Pending Legislation Could Help Refine White-Space Management

The White Space issue, which could potentially threaten the integrity of wireless microphones used for sports broadcasts and officiating, is heating up again. Rep. Bobby Rush (D-IL) proposes to protect 13 classes of wireless-microphone users from interference resulting from the operation of devices that the Federal Communications Commission (FCC) has approved for the “white-spaces” frequencies currently occupied by wireless-microphone users.

H.R. 4353 would require the FCC to provide access to an electronic database where wireless-microphone users will register their frequencies, thereby protecting their operation from interference from signals transmitted from the newly approved white-spaces devices. The 13 classes of wireless microphone users in the Rush bill include sporting arenas and stadiums. The legislation would require that users specified in the bill have access to a geolocation database identifying protected professional-use frequencies.

The FCC’s ruling approves the use of devices at powers of up to 100 mW on the white-space spectrum or up to 40 mW on spectrum adjacent to operating TV stations.

Google, which was among the entities pressing for the white spaces to be opened up, announced Jan. 5 that it has solicited the FCC to allow it to become an administrator of the white-spaces database. The move was something of a surprise, considering that, last February, Google stated that it did not plan to become an administrator, although it has regularly hosted working groups on the subject.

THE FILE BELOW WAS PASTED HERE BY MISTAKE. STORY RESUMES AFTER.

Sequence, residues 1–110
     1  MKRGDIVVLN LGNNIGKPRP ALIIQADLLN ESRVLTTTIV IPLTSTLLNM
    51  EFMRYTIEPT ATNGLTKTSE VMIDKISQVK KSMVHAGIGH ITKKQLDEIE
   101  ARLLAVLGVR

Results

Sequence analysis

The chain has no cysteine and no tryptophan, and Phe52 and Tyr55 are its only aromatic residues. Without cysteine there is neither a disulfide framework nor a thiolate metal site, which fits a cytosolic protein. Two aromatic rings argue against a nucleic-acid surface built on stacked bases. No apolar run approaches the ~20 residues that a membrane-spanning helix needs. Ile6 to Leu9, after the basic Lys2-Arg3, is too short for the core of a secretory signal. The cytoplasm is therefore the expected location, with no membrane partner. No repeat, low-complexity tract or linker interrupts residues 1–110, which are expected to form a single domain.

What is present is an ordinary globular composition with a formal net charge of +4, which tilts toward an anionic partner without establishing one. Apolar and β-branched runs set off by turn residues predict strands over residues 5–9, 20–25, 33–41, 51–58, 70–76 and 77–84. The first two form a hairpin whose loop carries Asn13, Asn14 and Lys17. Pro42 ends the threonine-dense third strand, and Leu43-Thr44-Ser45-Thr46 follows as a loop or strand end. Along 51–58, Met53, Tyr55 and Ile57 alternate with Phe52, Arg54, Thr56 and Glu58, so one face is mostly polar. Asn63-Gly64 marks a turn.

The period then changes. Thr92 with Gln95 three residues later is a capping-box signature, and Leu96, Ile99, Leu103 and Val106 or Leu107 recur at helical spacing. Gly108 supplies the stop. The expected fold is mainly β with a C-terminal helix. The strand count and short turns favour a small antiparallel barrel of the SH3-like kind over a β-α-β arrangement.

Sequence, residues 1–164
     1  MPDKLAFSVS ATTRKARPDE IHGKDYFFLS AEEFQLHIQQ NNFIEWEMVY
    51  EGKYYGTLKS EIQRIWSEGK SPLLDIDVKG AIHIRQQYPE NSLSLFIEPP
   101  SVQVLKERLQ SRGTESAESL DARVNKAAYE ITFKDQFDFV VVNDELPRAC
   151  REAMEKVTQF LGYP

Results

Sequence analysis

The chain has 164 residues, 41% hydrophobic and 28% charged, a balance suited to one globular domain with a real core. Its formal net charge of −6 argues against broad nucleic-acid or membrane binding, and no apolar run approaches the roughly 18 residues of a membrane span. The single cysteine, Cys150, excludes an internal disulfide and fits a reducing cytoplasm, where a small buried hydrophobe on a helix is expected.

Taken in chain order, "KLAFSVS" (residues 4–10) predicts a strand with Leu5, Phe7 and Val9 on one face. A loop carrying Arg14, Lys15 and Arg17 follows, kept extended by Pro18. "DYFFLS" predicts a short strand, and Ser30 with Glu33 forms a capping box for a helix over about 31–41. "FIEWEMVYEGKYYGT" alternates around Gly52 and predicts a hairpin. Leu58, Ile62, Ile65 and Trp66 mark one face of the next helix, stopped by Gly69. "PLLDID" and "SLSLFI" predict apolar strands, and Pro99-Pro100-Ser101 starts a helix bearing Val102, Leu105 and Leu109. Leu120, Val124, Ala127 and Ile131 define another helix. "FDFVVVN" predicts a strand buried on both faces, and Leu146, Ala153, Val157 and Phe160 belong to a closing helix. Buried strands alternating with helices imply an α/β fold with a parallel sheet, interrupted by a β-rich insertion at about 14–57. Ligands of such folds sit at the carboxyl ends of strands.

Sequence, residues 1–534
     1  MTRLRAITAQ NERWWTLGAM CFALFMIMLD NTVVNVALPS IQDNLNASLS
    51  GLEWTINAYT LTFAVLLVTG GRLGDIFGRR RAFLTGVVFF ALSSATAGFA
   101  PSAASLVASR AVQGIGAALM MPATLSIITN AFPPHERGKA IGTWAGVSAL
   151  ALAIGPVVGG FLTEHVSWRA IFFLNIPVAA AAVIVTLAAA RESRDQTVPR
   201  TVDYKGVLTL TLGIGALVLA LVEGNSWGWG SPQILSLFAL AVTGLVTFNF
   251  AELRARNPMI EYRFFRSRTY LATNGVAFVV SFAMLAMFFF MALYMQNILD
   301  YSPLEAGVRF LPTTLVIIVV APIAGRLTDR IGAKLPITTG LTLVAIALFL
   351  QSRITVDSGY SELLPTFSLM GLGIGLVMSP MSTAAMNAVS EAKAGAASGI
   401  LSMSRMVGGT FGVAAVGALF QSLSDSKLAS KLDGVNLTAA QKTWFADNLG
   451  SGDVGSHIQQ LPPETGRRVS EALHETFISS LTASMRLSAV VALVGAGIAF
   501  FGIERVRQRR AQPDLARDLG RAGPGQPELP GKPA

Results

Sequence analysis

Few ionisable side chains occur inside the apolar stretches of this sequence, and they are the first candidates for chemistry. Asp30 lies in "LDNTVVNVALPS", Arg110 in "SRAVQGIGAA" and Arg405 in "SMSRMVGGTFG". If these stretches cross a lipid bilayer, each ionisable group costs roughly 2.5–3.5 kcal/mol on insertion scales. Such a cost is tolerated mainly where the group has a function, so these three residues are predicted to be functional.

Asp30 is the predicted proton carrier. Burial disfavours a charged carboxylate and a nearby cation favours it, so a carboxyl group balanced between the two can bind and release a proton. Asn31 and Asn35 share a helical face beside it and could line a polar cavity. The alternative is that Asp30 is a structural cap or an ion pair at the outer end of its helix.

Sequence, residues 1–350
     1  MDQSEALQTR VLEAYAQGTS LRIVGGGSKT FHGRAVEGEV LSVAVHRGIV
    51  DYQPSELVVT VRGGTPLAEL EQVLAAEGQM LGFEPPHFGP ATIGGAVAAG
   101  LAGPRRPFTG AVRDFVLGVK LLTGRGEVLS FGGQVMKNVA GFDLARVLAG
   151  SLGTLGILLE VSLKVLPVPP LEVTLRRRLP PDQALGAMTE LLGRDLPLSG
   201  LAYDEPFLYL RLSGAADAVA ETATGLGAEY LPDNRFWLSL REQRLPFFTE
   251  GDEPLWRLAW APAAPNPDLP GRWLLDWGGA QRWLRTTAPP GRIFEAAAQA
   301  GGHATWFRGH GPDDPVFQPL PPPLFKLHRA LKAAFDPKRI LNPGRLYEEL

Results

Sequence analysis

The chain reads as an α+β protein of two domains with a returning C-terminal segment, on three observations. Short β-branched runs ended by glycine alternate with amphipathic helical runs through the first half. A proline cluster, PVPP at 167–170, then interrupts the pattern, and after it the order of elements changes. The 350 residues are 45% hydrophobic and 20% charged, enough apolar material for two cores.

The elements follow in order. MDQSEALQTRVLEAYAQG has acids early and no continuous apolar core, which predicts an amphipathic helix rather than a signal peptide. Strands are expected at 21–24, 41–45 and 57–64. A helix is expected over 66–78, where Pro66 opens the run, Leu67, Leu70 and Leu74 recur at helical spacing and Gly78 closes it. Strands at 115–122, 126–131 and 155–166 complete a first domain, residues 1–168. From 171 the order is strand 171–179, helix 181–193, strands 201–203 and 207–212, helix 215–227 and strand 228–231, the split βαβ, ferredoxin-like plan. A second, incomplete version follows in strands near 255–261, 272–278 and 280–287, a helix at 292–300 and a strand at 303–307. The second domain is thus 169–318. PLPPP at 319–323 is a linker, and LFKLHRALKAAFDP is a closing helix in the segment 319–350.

The database will likely have an open architecture and act as a clearinghouse, constantly updated, collecting and distributing changes to other database providers, according to its proposal.

After years of often controversial testing, the FCC voted 16 months ago to open the white spaces to unlicensed (that is, unregulated) wireless devices, the vast majority of which are consumer-electronics devices. The move was vigorously opposed by broadcasters, who filed suit last February, asking a federal appeals court to declare the FCC’s fiat unlawful. That appeal is still pending. They and other entities, including the NFL, have maintained that the testing that led to the decision was flawed.

Mark Brunner, senior director of global brand management for Shure, which has taken a very proactive position in the debate, says the implications of the proposed new legislation are significant for sports audio. “This will ensure that locations in which wireless microphones are used will be afforded protection from future portable wireless devices via a new geolocation database that will have time, date, and location components,” he tells SVG.

Brunner cites Rush and Sports Video Group for “continued vigilance” on the white-spaces issue, noting that, despite the FCC ruling, many operational points remain to be addressed. “The devil is in still in the details,” he says. “There are still unresolved steps in terms of real protections for existing wireless user bases.”

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